Suffolk Officials Discuss Plans to Move Homeless Sex Offenders

Bellone proposes a plan to finally close two trailers that house 40 sex offenders in Southampton.

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Suffolk County Executive Steve Bellone was late in his January 1 goal of closing down two trailers that are being used to house homeless sex offenders in the town of Southampton,  but on Thursday, Suffolk law enforcement and Parents for Megan’s Law unveiled Bellone’s new plan to have the trailers closed once and for all.

One trailer is located in the parking lot of a county jail in Riverside, and the other is located on county police property in Westhampton.  Together, they house approximately 40 sex offenders.

Bellone proposed that instead of banding homeless sex offenders together or even grouping them in particular towns, sex offenders should be spread out throughout Suffolk County.  The sex offenders living in the two trailers in question will be sent to various homeless shelters, and only one sex offender will be permitted to reside at each facility.

Previously, legislators have passed a mini-shelter program to house these sex offenders, which entailed sending six sex offenders to each participating shelter.  Bellone felt that this was not the best approach, as each community would still be given a cluster of sex offenders.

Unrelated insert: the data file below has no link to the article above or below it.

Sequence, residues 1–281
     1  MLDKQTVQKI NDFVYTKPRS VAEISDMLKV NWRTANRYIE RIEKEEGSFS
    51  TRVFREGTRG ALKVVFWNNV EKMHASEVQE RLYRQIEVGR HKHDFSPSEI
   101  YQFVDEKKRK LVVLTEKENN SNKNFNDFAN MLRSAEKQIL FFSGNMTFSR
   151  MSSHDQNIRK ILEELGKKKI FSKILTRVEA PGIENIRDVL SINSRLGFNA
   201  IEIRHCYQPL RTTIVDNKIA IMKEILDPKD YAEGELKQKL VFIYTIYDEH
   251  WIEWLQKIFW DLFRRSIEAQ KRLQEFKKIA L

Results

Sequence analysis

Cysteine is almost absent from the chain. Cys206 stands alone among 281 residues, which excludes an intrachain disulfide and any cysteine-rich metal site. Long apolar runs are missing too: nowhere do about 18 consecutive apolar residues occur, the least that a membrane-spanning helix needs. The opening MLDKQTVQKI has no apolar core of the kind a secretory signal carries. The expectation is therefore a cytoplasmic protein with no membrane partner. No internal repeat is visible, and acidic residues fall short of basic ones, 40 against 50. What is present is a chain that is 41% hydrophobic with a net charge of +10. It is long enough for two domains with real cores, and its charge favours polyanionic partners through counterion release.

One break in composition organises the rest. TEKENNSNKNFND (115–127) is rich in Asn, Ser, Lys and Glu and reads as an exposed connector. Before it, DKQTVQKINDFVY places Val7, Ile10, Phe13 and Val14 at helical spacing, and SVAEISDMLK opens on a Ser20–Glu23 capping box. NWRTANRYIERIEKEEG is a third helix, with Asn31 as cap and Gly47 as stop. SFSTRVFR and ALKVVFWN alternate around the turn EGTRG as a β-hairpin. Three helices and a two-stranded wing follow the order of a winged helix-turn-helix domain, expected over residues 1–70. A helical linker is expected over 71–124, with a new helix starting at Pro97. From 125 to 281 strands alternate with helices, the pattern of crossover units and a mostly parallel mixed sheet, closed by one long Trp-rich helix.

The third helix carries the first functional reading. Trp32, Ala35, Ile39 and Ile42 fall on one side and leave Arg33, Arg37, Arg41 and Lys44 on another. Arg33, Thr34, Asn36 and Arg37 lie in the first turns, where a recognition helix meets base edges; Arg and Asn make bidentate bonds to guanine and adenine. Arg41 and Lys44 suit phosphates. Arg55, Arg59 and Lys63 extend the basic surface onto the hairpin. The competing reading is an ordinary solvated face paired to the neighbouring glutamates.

The offenders would be required to alert the police as to where they are moving so that the police can continue to monitor their location – a plan that Bellone is confident in. 

“We will develop the most stringent monitoring and enforcement program in the nation,” stated Bellone in a press release.

Address verification of sex offenders is part of Bellone’s eight-point plan to protect citizens.  Community members would also receive emails and updates through social media that would alert them if a sex offender has moved into their area.

If the plan is passed, Parents for Megan’s Law will serve as a contract agency to check that not just the trailer residents, but all of the over 1,000 sex offenders in Suffolk County in appropriate environments and that community safeguards are in place.

A decision on Bellone’s proposal may come as soon as Tuesday, February 5. Twelve votes will be required to pass the legislation.